As I mentioned about last week’s endurance set, I seem to have suddenly gotten a little faster. Somehow, I don’t think it’s a coincidence that that seems to have happened pretty much while I’ve been focussed on a change to the timing of my stroke. In fact, in my experience, a change to technique is the only thing that will give you a step change in times. Anything else, like general fitness, will give gradual improvements, but they won’t be as marked or as sudden.

Not to undervalue that other stuff…technique improvements tend to be less frequent, and after a while those sudden things are harder and harder to find as you get better at everything and learn more.

But for this season, the tick of holding just a fraction longer seems to have made a huge difference….I think something to do with making me rotate more (always a challenge for me).

The thing is, though, you can never get too comfortable with your swimming. You might improve (note I don’t say “master”) one thing, but that’s just as likely to highlight something else you can improve. To keep it in perspective I try to remember that even the top swimmers have coaches and work on this stuff down to the tiniest degrees forever. And ever amen.

Interestingly, I have been letting myself fall into this trap, and been a bit chuffed with myself and my decreasing times. Seems a technique session was just what I needed to jolt myself out of it and remember that this is a game of continuous improvement.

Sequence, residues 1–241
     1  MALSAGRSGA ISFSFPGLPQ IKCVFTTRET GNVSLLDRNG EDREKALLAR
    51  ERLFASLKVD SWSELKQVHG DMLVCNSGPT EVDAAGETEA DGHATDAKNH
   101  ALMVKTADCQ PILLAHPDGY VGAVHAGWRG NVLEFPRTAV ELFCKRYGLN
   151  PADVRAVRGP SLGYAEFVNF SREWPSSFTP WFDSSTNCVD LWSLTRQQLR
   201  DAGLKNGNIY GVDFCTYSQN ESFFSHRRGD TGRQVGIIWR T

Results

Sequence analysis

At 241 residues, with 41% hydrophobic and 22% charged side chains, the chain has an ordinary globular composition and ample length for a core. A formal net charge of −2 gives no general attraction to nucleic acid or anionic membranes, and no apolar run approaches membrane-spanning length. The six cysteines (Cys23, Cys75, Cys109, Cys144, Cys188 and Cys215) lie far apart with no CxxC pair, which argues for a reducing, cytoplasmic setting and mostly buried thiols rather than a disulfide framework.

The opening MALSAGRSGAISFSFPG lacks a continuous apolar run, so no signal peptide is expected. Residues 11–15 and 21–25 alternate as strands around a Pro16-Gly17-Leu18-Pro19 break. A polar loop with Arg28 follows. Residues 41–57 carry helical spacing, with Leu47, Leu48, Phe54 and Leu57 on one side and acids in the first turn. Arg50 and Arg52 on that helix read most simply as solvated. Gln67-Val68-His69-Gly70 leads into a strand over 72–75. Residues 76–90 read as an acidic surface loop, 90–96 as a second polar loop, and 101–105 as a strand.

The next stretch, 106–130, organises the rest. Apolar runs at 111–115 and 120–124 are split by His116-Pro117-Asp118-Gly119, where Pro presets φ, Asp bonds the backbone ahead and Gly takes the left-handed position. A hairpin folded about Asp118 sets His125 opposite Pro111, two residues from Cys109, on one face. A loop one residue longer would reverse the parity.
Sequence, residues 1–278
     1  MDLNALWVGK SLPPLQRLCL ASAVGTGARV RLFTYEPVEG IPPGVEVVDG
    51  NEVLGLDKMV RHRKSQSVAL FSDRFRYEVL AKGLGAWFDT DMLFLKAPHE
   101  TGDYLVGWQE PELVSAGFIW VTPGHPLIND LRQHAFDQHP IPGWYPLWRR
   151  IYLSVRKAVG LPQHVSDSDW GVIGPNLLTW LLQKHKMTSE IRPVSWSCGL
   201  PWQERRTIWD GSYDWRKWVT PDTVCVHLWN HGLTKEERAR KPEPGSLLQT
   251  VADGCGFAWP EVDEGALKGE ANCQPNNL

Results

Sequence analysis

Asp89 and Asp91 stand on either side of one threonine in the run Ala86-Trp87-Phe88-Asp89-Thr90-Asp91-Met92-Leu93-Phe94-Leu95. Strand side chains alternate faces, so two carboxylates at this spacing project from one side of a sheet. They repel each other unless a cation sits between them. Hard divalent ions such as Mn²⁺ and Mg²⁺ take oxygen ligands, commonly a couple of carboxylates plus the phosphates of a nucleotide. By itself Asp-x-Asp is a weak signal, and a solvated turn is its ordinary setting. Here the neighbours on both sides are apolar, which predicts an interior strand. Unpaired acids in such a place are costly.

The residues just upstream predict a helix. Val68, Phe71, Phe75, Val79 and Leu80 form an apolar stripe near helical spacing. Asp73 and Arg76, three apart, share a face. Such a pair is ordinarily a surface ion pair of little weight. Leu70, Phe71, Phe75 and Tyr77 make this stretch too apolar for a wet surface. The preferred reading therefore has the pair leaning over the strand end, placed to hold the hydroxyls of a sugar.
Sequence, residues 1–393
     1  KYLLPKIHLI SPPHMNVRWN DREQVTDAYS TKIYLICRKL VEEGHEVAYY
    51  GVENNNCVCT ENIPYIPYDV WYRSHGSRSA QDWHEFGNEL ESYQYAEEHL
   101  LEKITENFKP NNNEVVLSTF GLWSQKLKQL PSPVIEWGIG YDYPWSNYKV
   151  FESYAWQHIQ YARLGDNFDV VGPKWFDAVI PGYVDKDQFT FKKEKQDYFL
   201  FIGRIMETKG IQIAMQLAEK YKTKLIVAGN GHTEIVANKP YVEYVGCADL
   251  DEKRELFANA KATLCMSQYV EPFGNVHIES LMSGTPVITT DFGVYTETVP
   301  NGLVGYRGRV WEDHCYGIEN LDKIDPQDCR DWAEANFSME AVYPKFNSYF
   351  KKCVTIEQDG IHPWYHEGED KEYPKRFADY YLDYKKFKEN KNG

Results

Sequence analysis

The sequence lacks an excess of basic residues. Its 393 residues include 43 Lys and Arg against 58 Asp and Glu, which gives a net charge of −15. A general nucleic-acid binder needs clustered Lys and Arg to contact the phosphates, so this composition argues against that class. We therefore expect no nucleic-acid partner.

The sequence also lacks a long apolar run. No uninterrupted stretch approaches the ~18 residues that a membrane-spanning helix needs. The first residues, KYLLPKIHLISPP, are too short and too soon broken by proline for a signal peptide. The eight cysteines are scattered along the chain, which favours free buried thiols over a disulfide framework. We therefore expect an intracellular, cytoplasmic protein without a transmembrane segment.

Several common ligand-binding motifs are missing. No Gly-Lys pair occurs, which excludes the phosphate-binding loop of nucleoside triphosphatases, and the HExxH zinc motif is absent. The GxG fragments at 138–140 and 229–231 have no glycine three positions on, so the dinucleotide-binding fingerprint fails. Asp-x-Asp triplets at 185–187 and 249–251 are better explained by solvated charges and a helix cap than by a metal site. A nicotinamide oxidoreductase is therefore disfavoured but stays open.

One thing we can use to measure our improvement in the pool, is a stroke count. The number of strokes it takes for you to swim 50m is a pretty good indication of how efficiently you are swimming. My count is pretty atrocious and a very good indicator of just how much I rely on strength, stubbornness and good old-fashioned moxie to get me through. Bad enough I don’t want to admit it and quote numbers on here.

Thing is, though, we did a few different drills. And then switched to one in particular that gave me what we call in my (corporate) job and “ah-ha!” moment. (I think they used to be called “light bulb” moments before we all switched to compact flouros).

The drill was a very simple one that involved swimming as normal, but ticking your thumbs out and making sure they brushed each hip at the end of each catch. Lo and behold, something finally clicked in my head and I realised I’ve been focussing so much on the front quadrant of my stroke, that I’ve been completely neglecting to make sure I follow all the way through with my catch. All that energy to get there and I’m wasting all that energy that’s just stored up and ready to go.

Well, not only did I manage to drop a substantial number of strokes per 50m….I now know what my next real technique focus is going to be.

Wish me luck as I embark on Operation “thumbs”!

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I hadn’t been to a Tuesday endurance set since before Christmas. I think I was a bit scared…those sets can be kind of brutal.

Time to put on the big-girl-pants, though. Harden up and get back to it. For me, nothing works better at improving my speed and fitness.

Big Girl Pnats

Big Girl Pants

 

Funny, though, how sometimes you can surprise yourself. I’ve been swimming quite a lot this summer. Not as much as I’d like, and some of it has been kind of focussed on other people’s progress instead of my own (no complaints, mind you…loved every second of it). On the other hand, I’ve been focussing pretty hard on a small change to my stroke, have been staying very active, not drinking too much, and eating well. And it seems, on the balance I’ve come out ahead.